Updated: More Summits on Everest; No Go on Lhotse

8000ers Everest
rock, snow, and ice on the Everest summit pyramid.
Everest summit pyramid yesterday. Photo: Colin O'Brady

More climbers summited Everest today, including several teams outfitted by Seven Summit Treks. Summiters included Jon Kedrowski, Mike Posner, and Colin O’Brady.

O’Brady was going to make his ascent without O2, but changed his mind when his wife, Jenna Besaw, decided that she also wanted a crack at the summit of Everest. She was originally planning to go only to Camp 2. Like everyone else, he also abandoned his plans to climb Lhotse. At the time of writing, he has returned to Camp 2.

India’s NIM-JIM&WS team, with six clients and six Sherpas, also reached the top. Their outfitter, Asian Trekking, praised the climbers’ effort and determination after they had to push all the way from Camp 2 to Camp 4 yesterday. Camp 3 had been flattened by an avalanche right before their push. Despite very little rest, they summited.

The route on Lhotse follows a steep couloir leading to the summit. Photo: Jonathan Lamy

There’s no concrete news from Lhotse but the little information available suggests there have been no summits. Climber Carlos Garranzo wrote on social media that there could have been an avalanche, though there are no reports of injuries, and that climbers are heading down to Camp 2. Jenn Drummond, a member of Nirmal Purja’s team attempting Lhotse, has returned from Camp 4 to Camp 2, according to her tracker. Another Lhotse hopeful, Adriana Brownlee, summited Everesst but is now back at BC. Further news is expected from Purja’s Elite Exped team and Seven Summit Treks, including Ukrainians Oleg Ivanchenko and Petro Shamborovskyy.

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About the Author

Angela Benavides

Angela Benavides

Senior journalist, published author and communication consultant. Specialized on high-altitude mountaineering, with an interest for everything around the mountains: from economics to geopolitics. After five years exploring distant professional ranges, I returned to ExWeb BC in 2018. Feeling right at home since then!

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Climber
Climber
11 days ago

Maybe Obrady took o2
Its a Marketing thing to reach more followers i guess….
Göttler and jornet decided to stop they attempt, they only reach camp 4

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Last edited 11 days ago by Climber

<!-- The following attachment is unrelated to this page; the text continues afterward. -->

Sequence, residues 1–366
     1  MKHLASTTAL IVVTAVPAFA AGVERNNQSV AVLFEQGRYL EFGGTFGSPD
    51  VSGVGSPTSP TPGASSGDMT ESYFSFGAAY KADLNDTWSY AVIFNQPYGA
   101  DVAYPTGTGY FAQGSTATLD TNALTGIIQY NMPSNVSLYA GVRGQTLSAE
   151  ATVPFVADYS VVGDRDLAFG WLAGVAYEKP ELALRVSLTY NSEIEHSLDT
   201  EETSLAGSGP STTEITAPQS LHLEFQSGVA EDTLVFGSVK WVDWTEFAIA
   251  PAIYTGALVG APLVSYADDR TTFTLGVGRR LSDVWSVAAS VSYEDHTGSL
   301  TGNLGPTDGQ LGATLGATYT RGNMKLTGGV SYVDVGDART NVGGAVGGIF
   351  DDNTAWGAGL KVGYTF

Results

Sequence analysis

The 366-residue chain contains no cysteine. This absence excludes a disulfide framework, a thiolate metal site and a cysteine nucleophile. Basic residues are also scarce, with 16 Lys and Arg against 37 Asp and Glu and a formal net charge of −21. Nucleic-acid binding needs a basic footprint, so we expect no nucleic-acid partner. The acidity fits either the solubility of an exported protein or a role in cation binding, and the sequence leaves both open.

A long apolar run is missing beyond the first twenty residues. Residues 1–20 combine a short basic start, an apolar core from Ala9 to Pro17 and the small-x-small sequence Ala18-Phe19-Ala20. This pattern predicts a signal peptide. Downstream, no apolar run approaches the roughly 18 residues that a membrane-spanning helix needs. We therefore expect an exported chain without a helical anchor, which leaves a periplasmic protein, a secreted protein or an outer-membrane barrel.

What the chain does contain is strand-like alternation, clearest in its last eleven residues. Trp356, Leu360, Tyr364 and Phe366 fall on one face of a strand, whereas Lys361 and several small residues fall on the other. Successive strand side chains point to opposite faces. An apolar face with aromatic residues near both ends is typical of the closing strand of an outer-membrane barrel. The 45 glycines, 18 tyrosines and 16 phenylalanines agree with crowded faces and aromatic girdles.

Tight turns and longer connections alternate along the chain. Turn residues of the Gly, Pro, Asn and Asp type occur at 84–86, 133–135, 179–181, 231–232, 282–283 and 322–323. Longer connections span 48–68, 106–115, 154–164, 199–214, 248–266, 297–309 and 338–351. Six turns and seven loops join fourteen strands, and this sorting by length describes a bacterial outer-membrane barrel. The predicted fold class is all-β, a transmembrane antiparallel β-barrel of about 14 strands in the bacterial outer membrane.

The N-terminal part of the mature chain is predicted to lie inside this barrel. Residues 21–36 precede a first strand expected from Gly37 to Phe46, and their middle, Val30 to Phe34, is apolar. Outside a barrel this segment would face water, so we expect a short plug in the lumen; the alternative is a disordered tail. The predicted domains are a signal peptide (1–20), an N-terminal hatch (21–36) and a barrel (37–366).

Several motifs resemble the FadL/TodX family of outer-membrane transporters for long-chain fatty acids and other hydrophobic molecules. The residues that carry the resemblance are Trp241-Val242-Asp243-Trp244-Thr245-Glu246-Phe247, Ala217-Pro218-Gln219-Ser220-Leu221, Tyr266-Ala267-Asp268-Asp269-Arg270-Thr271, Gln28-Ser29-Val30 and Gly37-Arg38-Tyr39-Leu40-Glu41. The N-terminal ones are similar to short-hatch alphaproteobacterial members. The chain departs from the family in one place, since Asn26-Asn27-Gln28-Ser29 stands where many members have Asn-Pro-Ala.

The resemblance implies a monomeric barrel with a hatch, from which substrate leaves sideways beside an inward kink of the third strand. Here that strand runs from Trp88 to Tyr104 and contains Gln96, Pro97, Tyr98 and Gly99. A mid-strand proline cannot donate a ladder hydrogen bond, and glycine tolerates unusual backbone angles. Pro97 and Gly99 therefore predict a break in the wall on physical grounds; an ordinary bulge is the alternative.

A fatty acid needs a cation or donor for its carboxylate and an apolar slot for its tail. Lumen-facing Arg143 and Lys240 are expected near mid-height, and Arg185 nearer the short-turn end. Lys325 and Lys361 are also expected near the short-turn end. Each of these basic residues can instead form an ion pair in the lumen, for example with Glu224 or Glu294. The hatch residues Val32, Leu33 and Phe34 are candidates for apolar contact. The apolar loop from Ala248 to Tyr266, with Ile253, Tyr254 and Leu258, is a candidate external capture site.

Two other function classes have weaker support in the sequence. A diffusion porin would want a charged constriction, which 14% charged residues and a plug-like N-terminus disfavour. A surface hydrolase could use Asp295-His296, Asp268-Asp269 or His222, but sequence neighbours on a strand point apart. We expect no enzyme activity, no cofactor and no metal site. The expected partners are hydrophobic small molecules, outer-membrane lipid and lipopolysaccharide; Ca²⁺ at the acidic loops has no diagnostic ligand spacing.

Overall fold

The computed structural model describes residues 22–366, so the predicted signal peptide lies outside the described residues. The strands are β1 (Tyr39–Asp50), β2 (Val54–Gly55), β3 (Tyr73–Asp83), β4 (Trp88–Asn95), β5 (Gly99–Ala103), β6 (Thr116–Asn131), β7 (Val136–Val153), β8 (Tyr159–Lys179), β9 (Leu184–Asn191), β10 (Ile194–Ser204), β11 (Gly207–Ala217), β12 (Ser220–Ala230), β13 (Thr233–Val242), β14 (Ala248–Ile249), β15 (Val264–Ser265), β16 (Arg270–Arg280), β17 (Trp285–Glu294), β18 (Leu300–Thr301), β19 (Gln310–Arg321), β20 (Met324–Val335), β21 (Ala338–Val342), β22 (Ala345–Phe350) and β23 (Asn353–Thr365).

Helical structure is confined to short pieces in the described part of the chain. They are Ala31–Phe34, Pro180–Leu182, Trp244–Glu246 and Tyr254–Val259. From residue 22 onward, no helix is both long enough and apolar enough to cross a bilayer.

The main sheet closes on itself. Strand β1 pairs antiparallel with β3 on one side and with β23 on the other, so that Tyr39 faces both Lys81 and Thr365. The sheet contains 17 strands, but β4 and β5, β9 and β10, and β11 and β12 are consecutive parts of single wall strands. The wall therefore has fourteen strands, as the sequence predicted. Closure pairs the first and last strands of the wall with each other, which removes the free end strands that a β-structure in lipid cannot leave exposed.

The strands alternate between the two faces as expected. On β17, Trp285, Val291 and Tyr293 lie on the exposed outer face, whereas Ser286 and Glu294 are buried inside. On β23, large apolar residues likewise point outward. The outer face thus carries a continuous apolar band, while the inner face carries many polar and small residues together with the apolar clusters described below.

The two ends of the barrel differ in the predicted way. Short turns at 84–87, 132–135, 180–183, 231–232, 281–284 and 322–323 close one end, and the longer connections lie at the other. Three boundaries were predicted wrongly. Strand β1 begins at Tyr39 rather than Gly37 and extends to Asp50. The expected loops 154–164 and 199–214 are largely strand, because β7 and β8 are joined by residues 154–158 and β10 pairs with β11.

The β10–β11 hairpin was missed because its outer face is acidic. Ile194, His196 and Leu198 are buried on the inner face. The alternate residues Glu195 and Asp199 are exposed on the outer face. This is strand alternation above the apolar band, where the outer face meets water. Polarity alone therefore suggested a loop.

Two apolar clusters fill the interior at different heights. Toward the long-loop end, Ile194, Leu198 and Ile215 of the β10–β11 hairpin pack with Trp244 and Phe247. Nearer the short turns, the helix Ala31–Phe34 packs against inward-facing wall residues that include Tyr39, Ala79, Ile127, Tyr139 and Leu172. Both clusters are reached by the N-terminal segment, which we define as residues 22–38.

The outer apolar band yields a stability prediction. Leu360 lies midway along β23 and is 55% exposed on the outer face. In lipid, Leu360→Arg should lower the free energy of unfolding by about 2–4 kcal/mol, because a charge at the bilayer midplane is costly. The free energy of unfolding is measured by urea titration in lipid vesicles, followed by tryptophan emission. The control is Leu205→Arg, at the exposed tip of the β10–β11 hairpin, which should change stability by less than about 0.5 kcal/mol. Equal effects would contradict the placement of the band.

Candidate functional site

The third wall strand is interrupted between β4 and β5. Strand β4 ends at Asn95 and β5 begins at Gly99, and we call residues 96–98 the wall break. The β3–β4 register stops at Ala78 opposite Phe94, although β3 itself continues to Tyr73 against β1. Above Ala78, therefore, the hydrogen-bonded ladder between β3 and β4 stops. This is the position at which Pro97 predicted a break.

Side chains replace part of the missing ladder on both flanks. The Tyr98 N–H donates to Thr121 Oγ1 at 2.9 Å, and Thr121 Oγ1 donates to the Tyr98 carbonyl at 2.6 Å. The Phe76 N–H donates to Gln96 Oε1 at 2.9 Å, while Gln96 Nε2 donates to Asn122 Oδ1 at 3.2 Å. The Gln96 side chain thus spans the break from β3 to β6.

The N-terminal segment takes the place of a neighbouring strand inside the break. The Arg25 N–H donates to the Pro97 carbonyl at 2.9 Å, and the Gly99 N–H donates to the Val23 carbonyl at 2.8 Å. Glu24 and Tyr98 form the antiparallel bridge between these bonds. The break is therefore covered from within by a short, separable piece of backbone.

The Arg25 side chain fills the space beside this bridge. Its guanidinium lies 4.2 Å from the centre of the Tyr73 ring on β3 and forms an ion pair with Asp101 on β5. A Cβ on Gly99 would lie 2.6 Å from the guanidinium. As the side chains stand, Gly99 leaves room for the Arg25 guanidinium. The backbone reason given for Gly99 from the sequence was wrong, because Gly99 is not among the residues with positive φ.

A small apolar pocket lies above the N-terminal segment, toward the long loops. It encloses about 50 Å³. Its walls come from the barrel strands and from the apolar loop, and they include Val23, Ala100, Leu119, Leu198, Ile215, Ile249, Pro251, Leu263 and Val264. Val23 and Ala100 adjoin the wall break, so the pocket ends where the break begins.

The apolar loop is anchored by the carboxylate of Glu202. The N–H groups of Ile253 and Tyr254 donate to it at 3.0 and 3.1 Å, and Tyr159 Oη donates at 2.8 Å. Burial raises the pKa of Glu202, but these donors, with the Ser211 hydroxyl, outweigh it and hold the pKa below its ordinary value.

Dave
Dave
11 days ago
Reply to  Climber

Apparently he and his wife both summited on O2

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Climber
Climber
11 days ago
Reply to  Dave

What a jerk talking like a king and than be quiet until the end 😂

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Lily
Lily
11 days ago
Reply to  Climber

Hardly a jerk when he decided to set aside his own goals to help his wife reach the summit instead.

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Merci
Merci
11 days ago
Reply to  Lily

Sure 😂 No excuse for this, just get on time o2 one day after. Its hard to get o2 Must be paid long time before the Expedition started! it was planned.

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MuddyBoots
MuddyBoots
11 days ago
Reply to  Climber

Not sayin’ Colin’s explanation isn’t true, but “I gave up my highly publicized no-Os traverse to climb with my wife because she changed her mind (and the plan) and wanted to summit” puts the best-possible spin on Colin’s performance. Isn’t it curious that they had enough O2 available at camp 2 for both Colin and the surprise climb by his wife?

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MuddyBoots
MuddyBoots
11 days ago
Reply to  MuddyBoots

Also: did Jenna have a permit for Everest? If she was only planning to climb to Camp 2, most people would have gotten a Lhotse permit for $1800 vs. the Everest permit for $11,000. EDIT: oh nevermind. Colin’s instagram says Jenna decided 2 weeks ago to try to summit and they did the proper paperwork.

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Last edited 11 days ago by MuddyBoots
Merci
Merci
10 days ago
Reply to  MuddyBoots

Each company tell you before you make the paperwork for Expedition “pls note that if you need a sherpa or o2 tell us in contract before” its hard to get on time, so….. And sure jenna has a permit long before. Colin writte in his IG few hours before he leave C4 to the summit with hashtags “everestLhotseNo02” and than his IG secretary write on summit day he do it for his wife 😅🥱

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Paul
Paul
11 days ago

O’Brady almost in Camp 3, he didn’t turn toward Lhotse so looks like he is not following the plan.

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Big Talker
Big Talker
11 days ago
Reply to  Paul